In the last several weeks, my OS X 10.8.4 laptop has gotten completely stuck in states where it's impossible to interact with directly. Several times VMWare Fusion's USB shim has broken keyboard input. One time, the system had an apparent race condition between locking the system and drawing the unlock prompt, leaving the GUI completely wedged. These are terrible problems, but there's nothing I can do to fix them.

All I can do is figure out how I can get a clean restart when this happens. I can ssh in to the computer and run any commands, without problem. I don't really trust the system state to be recoverable in either of those states, so I just want a clean reboot.

But shutdown -h now is not a clean reboot. It doesn't do the same things for cleanly shutting down GUI apps that selecting "Restart..." or "Shutdown..." from the apple menu does. It results in data loss because GUI apps weren't shut down cleanly. I could try finding everything I have running in ps, and sending them all SIGTERM. It seems to work, but it's a hugely manual process. I'd love to just tell OS X to do whatever it does when you pick those menu items.

So - is there a utility that does this right? Am I stuck doing it in a manual and error-prone way?

  • Sending SIGTERM to all processes is exactly what shutdown does :-) – nohillside Aug 14 '13 at 6:02
  • Yet, shutdown doesn't cleanly stop VMWare Fusion. Sending it SIGTERM does. Something's different. – Carl Aug 14 '13 at 6:04
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    To safely terminate GUI apps you'll need AppleScript to send a "quit" event. This might have come up before, did you do a search on the site already? – nohillside Aug 14 '13 at 6:15
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    Oh, it looks like I can use applescript to tell finder to restart directly. I'll have to test that, but it's probably right. – Carl Aug 14 '13 at 6:30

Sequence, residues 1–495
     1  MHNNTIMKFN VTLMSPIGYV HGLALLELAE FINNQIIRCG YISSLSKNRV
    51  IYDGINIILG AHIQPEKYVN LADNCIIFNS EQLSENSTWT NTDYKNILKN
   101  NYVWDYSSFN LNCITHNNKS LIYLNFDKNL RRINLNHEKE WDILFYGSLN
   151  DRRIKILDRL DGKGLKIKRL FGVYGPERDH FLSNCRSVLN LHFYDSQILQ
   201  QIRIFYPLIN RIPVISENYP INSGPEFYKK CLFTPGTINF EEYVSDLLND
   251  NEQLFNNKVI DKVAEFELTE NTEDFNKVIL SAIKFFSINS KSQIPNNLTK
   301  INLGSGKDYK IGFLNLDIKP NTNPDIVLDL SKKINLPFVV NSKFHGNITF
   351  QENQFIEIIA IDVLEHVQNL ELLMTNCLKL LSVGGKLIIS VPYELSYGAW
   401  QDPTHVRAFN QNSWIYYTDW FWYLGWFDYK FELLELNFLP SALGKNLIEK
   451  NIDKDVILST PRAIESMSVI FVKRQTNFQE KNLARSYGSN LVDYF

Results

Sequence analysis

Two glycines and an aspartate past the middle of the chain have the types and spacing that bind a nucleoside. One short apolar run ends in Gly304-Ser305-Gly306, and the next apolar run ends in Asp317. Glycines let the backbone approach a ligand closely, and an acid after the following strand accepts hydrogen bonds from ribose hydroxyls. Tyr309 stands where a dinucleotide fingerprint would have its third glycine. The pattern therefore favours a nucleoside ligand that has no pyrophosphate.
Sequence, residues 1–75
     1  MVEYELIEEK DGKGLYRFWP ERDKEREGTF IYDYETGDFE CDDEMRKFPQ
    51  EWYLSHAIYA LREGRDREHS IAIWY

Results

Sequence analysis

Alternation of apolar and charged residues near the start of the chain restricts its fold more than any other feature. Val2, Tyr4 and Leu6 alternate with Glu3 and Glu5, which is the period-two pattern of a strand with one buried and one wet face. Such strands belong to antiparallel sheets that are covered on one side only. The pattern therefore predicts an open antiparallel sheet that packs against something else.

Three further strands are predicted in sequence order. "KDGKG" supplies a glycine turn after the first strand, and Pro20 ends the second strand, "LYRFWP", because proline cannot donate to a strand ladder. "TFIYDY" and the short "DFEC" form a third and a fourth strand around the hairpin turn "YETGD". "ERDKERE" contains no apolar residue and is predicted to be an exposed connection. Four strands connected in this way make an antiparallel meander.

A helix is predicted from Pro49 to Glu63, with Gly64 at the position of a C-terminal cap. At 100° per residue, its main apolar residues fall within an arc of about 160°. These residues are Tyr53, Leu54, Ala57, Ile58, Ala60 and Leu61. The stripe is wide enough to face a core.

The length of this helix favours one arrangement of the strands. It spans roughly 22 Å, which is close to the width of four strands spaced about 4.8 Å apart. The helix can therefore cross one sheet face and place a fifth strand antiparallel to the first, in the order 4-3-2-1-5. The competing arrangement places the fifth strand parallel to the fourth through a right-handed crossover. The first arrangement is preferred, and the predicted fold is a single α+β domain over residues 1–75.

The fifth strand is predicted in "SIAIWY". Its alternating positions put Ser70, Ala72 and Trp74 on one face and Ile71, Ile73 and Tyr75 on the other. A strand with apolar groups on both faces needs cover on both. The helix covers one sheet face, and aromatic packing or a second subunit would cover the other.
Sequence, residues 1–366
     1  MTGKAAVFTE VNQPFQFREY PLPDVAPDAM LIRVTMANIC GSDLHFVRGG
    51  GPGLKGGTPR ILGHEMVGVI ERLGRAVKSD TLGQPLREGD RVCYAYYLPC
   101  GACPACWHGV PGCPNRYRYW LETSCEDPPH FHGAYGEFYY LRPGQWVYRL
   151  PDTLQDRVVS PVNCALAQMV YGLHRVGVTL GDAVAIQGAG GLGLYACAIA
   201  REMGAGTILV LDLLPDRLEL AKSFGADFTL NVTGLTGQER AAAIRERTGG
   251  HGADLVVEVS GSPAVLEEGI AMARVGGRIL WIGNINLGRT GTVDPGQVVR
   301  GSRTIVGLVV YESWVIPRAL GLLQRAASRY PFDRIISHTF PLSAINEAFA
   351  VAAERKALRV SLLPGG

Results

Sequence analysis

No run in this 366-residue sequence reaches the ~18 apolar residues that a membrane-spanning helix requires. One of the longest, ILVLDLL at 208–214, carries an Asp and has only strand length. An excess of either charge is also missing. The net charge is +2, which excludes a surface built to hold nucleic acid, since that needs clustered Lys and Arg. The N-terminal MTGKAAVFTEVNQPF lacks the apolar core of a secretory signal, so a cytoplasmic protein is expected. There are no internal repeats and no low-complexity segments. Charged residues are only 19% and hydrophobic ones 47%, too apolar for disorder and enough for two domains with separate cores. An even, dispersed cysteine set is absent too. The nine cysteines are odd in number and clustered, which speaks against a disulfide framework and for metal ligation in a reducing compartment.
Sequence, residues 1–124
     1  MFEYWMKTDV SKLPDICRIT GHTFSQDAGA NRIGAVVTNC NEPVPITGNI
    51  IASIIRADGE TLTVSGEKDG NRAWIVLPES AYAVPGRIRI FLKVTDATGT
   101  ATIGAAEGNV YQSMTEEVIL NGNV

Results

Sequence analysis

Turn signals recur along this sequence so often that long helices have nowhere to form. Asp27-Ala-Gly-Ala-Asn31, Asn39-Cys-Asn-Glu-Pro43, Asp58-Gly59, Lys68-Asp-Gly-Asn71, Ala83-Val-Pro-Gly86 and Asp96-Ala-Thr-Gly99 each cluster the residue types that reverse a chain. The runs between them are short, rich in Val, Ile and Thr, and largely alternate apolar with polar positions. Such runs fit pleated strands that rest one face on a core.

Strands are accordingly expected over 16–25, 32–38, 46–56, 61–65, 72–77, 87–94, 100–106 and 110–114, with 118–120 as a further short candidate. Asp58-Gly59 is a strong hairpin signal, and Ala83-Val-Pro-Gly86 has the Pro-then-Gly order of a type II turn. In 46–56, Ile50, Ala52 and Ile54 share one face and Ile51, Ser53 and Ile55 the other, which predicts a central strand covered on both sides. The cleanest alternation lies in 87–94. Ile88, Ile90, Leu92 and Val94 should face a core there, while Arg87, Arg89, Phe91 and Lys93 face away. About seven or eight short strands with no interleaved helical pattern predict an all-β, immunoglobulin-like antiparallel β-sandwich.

Yeah, ok. I can solve this with Applescript. Thanks to patrix for getting me to look in the right direction.

tell application "Finder"
end tell

Saved as restart.scpt, run with osascript restart.scpt. I've tested running it remotely with the screen locked, and it restarted cleanly perfectly. I need to remember that Applescript exists whenever I want to automate Finder interactions..

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    You can also use osascript -e 'tell app "System Events" to restart'. Some general scripting terminology was moved over to System Events in early versions of OS X, and the restart command is now part of the "legacy suite" in Finder's dictionary. If you look at the events tab in AppleScript Editor, both restart commands just send «event aevtrest» to loginwindow though. – Lri Aug 14 '13 at 10:57
  • killall Finder does the same thing to cause finder to restart and leave the other apps and background programs alone. – bmike Aug 14 '13 at 10:59
  • @bmike That's not the same thing at all. It is something I tested - as you said, it leaves other apps running. I don't think that fixes anything in any of the situations where I've needed this. I want a full system restart to correct whatever state has become corrupted. – Carl Aug 14 '13 at 14:53
  • Hmm - I'm a bit confused then - did your proposed finder solution where Applescript tells Finder to restart work but sending Finder a kill does not? Since you answered your own question it looks like you are ready to accept the answer as solving your problem perhaps? – bmike Aug 14 '13 at 16:46
  • @bmike The difference is telling finder to restart restarts the whole OS. Killing finder just makes the finder process respawn. – Carl Aug 14 '13 at 17:59

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